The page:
It’s been a while since I last posted and in that time there have been a lot of developments in PE and in Education as a whole. I have spoken in the past of how I am using the Significant Aspects of Learning (SAL) within my practice. I have done work around using pupil voice to exemplify the SALs and have had excellent conversations with young people using the SAL Progression Framework.
Moving on from this Education Scotland have recently published draft Benchmarks for PE (I think other subject areas are coming out as we speak!). The Benchmarks are starting to be discussed in departments and are in my opinion a good tool that we can use to move forward. For over a decade we have worked with the Experiences & Outcomes and many colleagues have used them to develop good courses with sound planning. The PE Experiences & Outcomes are a good source to help plan a lesson, I will discuss this in detail in a future post.
After this came the Significant Aspects of Learning and ‘what you need to be good at in physical education’. This is an interpretation of the SAL developed by many colleagues. I use the SALs every day in my teaching practice. I plan lessons around them, discuss them with learners, get learners discussing with one another, self-evaluation & assessment with and of learners. It has been an exciting development in PE and many colleagues are taking them further and adapting them to suit their learners. You just need to spend a bit of time on twitter to see just how well colleagues have embraced the Significant Aspects of Learning.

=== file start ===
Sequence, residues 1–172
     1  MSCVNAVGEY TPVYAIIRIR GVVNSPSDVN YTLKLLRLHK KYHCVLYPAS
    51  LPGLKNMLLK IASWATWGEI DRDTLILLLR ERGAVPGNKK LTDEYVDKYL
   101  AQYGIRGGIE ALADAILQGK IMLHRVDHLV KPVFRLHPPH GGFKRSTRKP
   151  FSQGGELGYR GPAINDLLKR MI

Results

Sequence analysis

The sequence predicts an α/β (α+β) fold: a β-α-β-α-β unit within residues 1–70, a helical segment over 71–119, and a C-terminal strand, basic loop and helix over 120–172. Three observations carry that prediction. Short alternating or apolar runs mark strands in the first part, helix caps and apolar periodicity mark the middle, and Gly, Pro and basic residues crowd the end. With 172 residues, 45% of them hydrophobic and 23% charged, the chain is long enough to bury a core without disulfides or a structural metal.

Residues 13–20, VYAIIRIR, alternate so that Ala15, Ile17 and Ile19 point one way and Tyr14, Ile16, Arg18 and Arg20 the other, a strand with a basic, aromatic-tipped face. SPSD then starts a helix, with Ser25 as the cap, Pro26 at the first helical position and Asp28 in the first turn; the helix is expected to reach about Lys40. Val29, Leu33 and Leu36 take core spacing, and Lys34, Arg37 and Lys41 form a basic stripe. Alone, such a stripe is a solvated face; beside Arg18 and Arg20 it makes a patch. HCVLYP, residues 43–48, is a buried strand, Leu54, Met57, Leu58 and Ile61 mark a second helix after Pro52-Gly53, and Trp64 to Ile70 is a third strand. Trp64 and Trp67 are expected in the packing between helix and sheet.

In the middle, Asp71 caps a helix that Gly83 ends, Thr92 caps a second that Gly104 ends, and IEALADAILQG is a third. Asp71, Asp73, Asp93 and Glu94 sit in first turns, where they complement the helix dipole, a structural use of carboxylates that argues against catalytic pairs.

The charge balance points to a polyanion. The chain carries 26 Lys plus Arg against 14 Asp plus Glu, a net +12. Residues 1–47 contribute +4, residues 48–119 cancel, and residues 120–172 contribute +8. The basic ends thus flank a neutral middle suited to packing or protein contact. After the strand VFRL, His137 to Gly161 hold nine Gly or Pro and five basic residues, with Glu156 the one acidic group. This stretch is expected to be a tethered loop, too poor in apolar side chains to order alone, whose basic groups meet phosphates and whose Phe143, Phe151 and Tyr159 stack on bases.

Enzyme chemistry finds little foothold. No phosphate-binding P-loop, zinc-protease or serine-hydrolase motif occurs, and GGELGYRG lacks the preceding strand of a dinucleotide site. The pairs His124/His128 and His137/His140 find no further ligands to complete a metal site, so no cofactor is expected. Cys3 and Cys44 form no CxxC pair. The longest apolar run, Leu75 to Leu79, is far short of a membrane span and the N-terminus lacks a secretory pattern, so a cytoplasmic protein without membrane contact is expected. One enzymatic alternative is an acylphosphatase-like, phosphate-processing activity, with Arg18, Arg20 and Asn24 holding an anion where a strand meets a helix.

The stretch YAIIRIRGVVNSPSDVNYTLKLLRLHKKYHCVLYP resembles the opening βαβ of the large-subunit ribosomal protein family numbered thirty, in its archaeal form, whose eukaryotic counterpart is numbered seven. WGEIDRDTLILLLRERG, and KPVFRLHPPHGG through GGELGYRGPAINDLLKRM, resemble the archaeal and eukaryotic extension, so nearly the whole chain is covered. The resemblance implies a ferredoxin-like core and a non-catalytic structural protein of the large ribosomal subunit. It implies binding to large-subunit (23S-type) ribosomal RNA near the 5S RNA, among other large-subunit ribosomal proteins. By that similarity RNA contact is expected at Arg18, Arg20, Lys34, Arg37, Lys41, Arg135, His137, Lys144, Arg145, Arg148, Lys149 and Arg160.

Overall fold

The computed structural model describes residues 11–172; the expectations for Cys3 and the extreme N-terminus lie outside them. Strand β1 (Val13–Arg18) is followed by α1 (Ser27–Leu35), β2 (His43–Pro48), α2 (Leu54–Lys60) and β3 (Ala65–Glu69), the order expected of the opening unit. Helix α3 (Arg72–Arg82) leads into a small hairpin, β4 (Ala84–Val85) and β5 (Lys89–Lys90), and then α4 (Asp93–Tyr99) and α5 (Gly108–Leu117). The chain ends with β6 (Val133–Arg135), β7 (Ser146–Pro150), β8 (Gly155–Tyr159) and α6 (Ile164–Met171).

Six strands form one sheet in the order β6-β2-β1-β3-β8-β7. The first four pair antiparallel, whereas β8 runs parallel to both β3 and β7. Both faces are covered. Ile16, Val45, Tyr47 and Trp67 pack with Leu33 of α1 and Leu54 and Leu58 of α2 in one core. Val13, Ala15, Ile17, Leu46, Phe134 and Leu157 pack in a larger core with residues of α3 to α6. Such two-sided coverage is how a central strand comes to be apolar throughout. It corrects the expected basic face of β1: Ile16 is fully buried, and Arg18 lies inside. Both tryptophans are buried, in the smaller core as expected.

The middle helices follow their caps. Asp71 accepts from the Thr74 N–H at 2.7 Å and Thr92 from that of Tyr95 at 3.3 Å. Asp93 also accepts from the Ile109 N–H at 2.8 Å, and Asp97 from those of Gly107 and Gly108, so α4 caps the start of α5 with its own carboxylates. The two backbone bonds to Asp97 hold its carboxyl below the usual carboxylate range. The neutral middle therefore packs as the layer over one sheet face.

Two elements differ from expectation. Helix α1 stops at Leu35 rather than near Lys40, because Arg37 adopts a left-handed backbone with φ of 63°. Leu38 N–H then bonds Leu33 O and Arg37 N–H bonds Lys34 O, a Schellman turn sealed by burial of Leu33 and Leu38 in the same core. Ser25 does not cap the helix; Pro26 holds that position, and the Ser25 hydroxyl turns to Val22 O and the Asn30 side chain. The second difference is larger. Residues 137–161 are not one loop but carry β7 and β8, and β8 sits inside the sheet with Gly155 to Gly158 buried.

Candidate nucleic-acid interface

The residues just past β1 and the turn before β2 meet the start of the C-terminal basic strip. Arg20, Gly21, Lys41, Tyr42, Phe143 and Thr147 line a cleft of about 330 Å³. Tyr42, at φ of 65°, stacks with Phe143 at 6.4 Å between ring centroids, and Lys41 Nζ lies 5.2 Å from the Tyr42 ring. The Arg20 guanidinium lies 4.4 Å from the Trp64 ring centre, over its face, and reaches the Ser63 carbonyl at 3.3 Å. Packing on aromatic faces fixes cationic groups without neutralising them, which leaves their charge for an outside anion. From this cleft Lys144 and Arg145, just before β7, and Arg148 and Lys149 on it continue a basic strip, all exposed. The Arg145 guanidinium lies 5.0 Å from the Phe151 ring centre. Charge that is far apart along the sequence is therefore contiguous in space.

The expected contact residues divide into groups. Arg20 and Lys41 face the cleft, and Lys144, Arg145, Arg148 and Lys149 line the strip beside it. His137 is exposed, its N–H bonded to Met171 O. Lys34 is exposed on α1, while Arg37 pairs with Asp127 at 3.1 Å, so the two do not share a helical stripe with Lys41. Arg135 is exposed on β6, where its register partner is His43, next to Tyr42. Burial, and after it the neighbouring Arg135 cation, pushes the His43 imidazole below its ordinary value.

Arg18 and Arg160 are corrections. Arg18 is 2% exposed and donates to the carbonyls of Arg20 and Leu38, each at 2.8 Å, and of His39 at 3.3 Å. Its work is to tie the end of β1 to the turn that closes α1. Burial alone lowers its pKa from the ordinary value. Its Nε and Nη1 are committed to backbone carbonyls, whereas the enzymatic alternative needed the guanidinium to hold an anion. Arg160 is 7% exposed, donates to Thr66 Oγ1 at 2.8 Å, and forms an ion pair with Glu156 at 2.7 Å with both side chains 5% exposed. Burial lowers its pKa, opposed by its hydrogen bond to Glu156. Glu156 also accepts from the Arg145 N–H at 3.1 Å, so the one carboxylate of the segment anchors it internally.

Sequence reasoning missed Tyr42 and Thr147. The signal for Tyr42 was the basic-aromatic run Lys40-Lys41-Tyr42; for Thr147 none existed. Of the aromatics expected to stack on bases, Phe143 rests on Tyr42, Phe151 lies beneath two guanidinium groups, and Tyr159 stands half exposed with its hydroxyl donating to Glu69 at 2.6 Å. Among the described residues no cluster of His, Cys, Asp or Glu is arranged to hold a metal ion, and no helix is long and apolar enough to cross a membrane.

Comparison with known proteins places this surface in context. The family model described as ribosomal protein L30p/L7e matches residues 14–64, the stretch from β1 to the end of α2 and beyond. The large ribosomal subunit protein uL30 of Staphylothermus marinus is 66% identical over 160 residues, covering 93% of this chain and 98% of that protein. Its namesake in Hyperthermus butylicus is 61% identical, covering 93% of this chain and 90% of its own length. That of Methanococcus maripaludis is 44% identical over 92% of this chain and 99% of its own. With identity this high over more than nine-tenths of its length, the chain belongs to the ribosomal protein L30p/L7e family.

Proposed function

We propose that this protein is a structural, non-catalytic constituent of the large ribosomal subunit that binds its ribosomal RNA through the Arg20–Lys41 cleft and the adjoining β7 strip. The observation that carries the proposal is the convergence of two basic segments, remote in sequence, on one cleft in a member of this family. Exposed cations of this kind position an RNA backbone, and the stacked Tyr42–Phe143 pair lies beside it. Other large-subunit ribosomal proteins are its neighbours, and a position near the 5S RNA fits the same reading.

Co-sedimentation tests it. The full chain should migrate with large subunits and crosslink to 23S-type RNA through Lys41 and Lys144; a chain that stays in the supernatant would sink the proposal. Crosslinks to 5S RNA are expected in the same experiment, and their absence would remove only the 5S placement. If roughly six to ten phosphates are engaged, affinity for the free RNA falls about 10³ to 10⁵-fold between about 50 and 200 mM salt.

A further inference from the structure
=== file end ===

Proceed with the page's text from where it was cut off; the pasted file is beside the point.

Always on the agenda in recent years has been the issue of tracking, monitoring and assessment. How do we effectively assess our learners using the Significant Aspects of Learning? Many departments have created their own way of assessing learners and using appropriate learner conversations. All of which is great but in the past few weeks I have been looking at ways I can use the Benchmarks for this. After attending the SATPE Conference and hearing from Suzanne Hargreaves and also having excellent discussions with colleagues I am becoming more confident in using the Benchmarks to assess my learners. They are well written and thanks to our outstanding PE Lead Officers made into a simple easy to use document. A great tip is if I say a learner’s name followed by a benchmark statement for example if I use myself and Third Level Decision Making it will read like this:
Darren Leslie – Takes responsibility for decisions under pressure that leads to improved performance.
As a teaching professional I can make a ‘can he or can’t he?’ judgement. I can also consider can he do this consistently, in familiar and unfamiliar contexts? Through my observations, I come to a judgement based on what I know of my learner, and, the evidence from their performance across a range of activities over the session .
I can do this for a few learners to get a snapshot of where my learners are and help plan my next series of lessons to best meet their needs. I can then hold meaningful learner conversation and identify clear next steps with learners. I also think the benchmarks will be an effective moderation tool for departments to be make more consistent and robust judgements on their learners and agree standards. For example, I could take two classes out and hold a hockey tournament. As the learners play, a colleague and I could pick out 3 or 4 learners and use the benchmarks to confirm aspects where they are working within a level, and aspects where they are achieving a level. This generates evidence and builds a picture over the school year on the progress they are making.
There is still a lot of work to be done to provide a progressive 12 year journey for learners from nursery to S3 to prepare them well for Senior Phase. It is hoped that they can then move onto an appropriate suite of National Qualifications/Awards. I am becoming more confident in using Benchmarks and understanding how Experiences & Outcomes, Significant Aspects of Learning, Benchmarks and appropriate pedagogy such as Better Movers and Thinkers all fit together but I am still learning all the time and happy to discuss these topics further.